Virtual Volunteer

Be a Community Traffic Safety Team “Virtual Volunteer” – It’s as easy as 1, 2, 3.

traffic safety virtual volunteer

A few minutes of your time to share important traffic safety reminders could help save a life.

  • Step 1. Like and follow us on social media.
  • Step 2. Share and repost traffic safety tips.
  • Step 3. Invite others in your network to like and follow too.

Connect with the Northeast Florida Community Traffic Safety Team on social media!

Volunteering without being physically present is not new. For years, volunteers have been off-site and have used the telephone, fax and postal mail to communicate. However, the revolution in information technology has opened up many new possibilities for volunteering and giving back to your community.

Even prior to the COVID-19 healthcare crisis and social distancing, there has been an increase in working from home. Virtual volunteering is a wonderful way to take advantage of contributing volunteer work over the internet. Social media has opened the door to expand the reach of our traffic safety tips and campaigns.

Benefits of being a Traffic Safety Team Virtual Volunteer:

  • Increase community awareness.
  • Minimal investment of your time.
  • Flexible to your schedule with no time constraints.
  • Easy and feels good to send positive messages.
  • Help reduce crashes, injuries and fatalities on your local roadways.
traffic safety virtual volunteer thank you
Thank you for your time and consideration!

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Defensive Driving

FDOT District Two Community Traffic Safety Program presents: Three Defensive Driving Tools to Avoid Impact, by Jeff Hohlstein, a Traffic Safety Team member in Clay County, Florida. From 2009 through 2016 Jeff was a Traffic Cycling Instructor certified by multiple organizations. There he learned a lot about vehicles’ next actions without looking at the driver. He also adopted OODA, a quick decision-making tool originally developed for combat by Retired Colonel John “Forty-Second” Boyd, USAF. The OODA Loop is easily adopted to defensive driving, to help you see and avoid conflicts before they become crashes.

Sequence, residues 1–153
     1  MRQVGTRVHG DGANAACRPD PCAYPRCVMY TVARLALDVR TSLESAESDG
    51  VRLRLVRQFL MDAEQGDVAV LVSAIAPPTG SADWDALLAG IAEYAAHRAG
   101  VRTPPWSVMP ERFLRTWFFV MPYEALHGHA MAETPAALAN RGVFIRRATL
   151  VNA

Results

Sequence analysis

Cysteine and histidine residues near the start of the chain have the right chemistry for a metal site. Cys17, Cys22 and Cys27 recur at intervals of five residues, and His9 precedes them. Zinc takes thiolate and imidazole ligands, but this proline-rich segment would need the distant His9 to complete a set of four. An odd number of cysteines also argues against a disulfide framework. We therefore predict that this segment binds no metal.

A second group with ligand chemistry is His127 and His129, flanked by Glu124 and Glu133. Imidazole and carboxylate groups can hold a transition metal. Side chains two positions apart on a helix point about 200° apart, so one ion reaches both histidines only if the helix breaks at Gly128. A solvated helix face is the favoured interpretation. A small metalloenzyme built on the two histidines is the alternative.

Learn about the OODA Loop: Observe • Orient • Decide • Act and other defensive driving tips to help reduce crashes on our roadways in this educational traffic safety video.

Downloadable version of the video as a PDF presentation file for viewing and sharing:

Read the complete article, “Three Defensive Driving Tools to Avoid Great Impact” below:

safe driver

Jeff Hohlstein

What do OODA, Three Mississippi’s, and a vehicle’s front wheels have in common? They can all be defensive driving tools that will alert and prepare you for potential conflict situations and avoid a crash.

In another year or so, I’ll enter that age range of 78–85, when most people decide to quit driving. Over the years, I’ve learned some tools that I hope will allow me to drive safely far beyond that range. I’m not a certified driving instructor, so I’ll describe the tools and how I use them. How you choose to use them is up to you.

The OODA Loop: See and avoid trouble

So what’s an OODA? The OODA Loop is a rapid decision-making tool developed by Retired Colonel John Boyd, USAF. In combat, OODA is used to totally confuse and demoralize the enemy. In defensive driving, OODA is a disciplined way of thinking that helps one see and avoid trouble. OODA stands for Observe > Orient > Decide > Act, and then do it again.

It sounds like common sense, doesn’t it? But then there’s a joke—Two crows were sitting in a tree above a corn field. Crow One said, “Let’s fly down and eat some corn.” Crow Two, “We can’t. There’s a man standing in the field.” Crow One, “That’s a scarecrow. If it was a man, he’d be looking at his cell phone.”

How many times do we see people who aren’t even observing? And, as we age, we need a conscious, disciplined decision-making tool to drive safely. OODA can be that tool. Let’s start with an easy example.

Three Mississippi’s: Three second rule Continue Reading

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